On 10/7/16 10:42 AM, Andres Freund wrote:

On 2016-10-06 20:52:22 -0700, Alfred Perlstein wrote:
This contention on WAL reminds me of another scenario I've heard about that
was similar.

To fix things what happened was that anyone that the first person to block
would be responsible for writing out all buffers for anyone blocked behind
We pretty much do that already. But while that's happening, the other
would-be-writers show up as blocking on the lock.  We don't use kind of
an odd locking model for the waiters (LWLockAcquireOrWait()), which
waits for the lock to be released, but doesn't try to acquire it
afterwards. Instead the wal position is rechecked, and in many cases
we'll be done afterwards, because enough has been written out.


Andres Freund

Are the batched writes all done before fsync is called?

Are you sure that A only calls fsync after flushing all the buffers from B, C, and D? Or will it fsync twice? Is there instrumentation to show that?

I know there's a tremendous level of skill involved in this code, but simply asking in case there's some tricks.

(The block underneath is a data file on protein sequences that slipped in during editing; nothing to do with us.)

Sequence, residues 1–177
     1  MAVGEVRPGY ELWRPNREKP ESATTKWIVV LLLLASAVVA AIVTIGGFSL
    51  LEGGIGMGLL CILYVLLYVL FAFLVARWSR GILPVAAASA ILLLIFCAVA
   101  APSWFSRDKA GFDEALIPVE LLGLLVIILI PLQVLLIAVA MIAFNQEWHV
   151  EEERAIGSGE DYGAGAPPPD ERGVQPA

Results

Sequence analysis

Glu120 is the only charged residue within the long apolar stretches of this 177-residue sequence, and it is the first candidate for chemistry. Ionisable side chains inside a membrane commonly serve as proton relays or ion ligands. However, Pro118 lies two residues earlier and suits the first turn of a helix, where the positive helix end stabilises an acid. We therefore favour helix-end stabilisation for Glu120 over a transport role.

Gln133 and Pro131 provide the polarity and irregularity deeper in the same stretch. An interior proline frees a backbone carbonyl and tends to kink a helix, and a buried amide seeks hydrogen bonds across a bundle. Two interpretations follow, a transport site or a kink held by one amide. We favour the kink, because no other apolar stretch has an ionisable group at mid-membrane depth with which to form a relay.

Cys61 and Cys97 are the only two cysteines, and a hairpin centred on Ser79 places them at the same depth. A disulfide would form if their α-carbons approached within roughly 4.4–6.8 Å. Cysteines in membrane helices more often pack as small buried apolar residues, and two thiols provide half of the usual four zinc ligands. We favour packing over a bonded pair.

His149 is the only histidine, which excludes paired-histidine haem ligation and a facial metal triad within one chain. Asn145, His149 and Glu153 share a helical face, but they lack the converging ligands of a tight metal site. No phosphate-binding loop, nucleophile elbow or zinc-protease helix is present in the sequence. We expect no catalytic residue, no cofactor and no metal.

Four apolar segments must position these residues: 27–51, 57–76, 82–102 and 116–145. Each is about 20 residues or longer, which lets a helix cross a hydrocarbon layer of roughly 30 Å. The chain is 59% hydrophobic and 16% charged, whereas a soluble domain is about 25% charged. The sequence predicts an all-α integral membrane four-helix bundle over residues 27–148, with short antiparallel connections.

Another strategy that may work is actually intentionally waiting/buffering some few ms between flushes/fsync, for example, make sure that the number of flushes per second doesn't exceed some configurable amount because each flush likely eats at least one iop from the disk and there is a maximum iops per disk, so might as well buffer more if you're exceeding that iops count. You'll trade some latency, but gain throughput for doing that.

Does this make sense? Again apologies if this has been covered. Is there a whitepaper or blog post or clear way I can examine the algorithm wrt locks/buffering for flushing WAL logs?


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